Vistancia Village Approved Front Yard Trees

Argentine MesquiteArgentine Mesquite (Prosopis alba)

Description

Native to South America, the Argentine mesquite is a beautiful tree with darker bark and a more vigorous growth rate than many other mesquite trees. Here in Southern Arizona, it grows to 40 feet high with a spread of 60 feet or more. Fast growing with a wide crown, Argentine mesquite trees are not recommended for small urban spaces. Young trees are quite contorted and asymmetrical. With proper training, Argentine mesquite becomes a large, picturesque shade tree. Greenish yellow flowers appear in late spring and are followed by 3″ to 5″ long, beige seedpods or “beans” as they are frequently called. There are several hybrids of Argentine mesquite making identification difficult. Argentine mesquite (Prosopis alba) is larger with a rounder, wider crown than its close relatives.

Maintenance

Plant this mesquite tree almost anytime, though it establishes best when planted in the fall. It tolerates most soil conditions, provided there is sufficient drainage. Do not plant Argentine mesquite in turf. Water thoroughly when first planted, and water every three to four days for the first two or three weeks. Thereafter, water every 7 to 10 days for the first year. Once established, Argentine mesquite requires little to no additional water. Overwatering or irrigating too shallowly will result in a huge crown and an insufficient root system that may cause the tree to fall in high winds. Young Argentine mesquite trees should be staked securely and trained to develop a straight trunk and strong branch architecture. Prune to thin, shape or raise the crown in late summer. Pruning in the spring or early summer encourages rampant growth. Seedpod litter may require cleanup in high traffic areas.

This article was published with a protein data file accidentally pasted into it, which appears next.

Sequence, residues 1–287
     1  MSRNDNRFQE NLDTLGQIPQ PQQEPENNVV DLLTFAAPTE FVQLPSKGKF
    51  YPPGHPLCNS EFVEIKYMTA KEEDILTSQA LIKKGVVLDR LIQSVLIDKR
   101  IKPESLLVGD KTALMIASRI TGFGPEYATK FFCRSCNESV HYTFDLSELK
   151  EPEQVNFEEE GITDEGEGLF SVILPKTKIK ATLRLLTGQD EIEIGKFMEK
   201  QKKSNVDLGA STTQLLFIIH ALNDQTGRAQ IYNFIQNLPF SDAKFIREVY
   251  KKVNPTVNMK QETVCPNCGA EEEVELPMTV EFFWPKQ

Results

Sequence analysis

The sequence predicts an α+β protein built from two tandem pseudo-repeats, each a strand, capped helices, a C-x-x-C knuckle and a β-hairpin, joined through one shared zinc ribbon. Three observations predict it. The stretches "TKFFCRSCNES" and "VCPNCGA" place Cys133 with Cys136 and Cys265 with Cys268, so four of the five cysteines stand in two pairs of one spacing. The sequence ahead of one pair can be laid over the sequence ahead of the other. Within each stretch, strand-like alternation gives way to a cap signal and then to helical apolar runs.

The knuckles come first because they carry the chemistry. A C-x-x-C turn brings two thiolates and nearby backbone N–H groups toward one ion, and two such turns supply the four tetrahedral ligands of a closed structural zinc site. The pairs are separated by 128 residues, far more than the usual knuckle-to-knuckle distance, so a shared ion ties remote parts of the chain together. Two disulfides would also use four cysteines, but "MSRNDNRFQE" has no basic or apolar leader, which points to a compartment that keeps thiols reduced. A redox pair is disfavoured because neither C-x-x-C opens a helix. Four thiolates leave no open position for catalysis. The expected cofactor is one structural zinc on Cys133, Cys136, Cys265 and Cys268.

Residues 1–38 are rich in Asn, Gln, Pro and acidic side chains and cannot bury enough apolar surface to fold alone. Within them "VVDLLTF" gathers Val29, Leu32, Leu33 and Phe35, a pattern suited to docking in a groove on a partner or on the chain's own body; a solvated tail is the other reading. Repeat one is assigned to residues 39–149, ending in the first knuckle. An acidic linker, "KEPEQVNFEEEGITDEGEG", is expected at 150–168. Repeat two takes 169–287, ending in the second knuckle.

Size: 40′ x 60′
Flower Season: Late Spring
Exposure: Full Sun
Water: Low
Hardiness: 15°F

Blue Leaf WattleBlue Leaf Wattle (Acacia saligna)

Description

Fast evergreen tree to 25′ tall & as wide. Foliage often has a distinctly glaucous cast, especially in youth. Habit is rounded & somewhat weeping, with flowers that are dark golden yellow, almost orange, heavily produced in late winter. Damaged below 20 degrees F, Drought tolerant when established. Full sun-part shade. Tolerates wet, heavy soil. Deep rooted. Eroson control. Prune gradually to avoid heavy sucker.Acacia saligna grows as a small, dense, spreading tree with a short trunk and a weeping habit. Like many Acacia species, it has phyllodes rather than true leaves; these can be up to 25 centimeters long. This tree attracts ants due to its surgery sap , which are believed to reduce the numbers of leaf-eating insects. The yellow flowers appear in late winter and early spring, in groups of up to ten bright yellow spherical flower heads. The fruit is a legume, while the seed is oblong and dark to black in color.

Size: 25′ x 15′
Flower Season: Late Spring
Exposure: Full Sun
Water: Low
Hardiness: 15°F

Blue Palo VerdeBlue Palo Verde (Cercidium floridum)

Description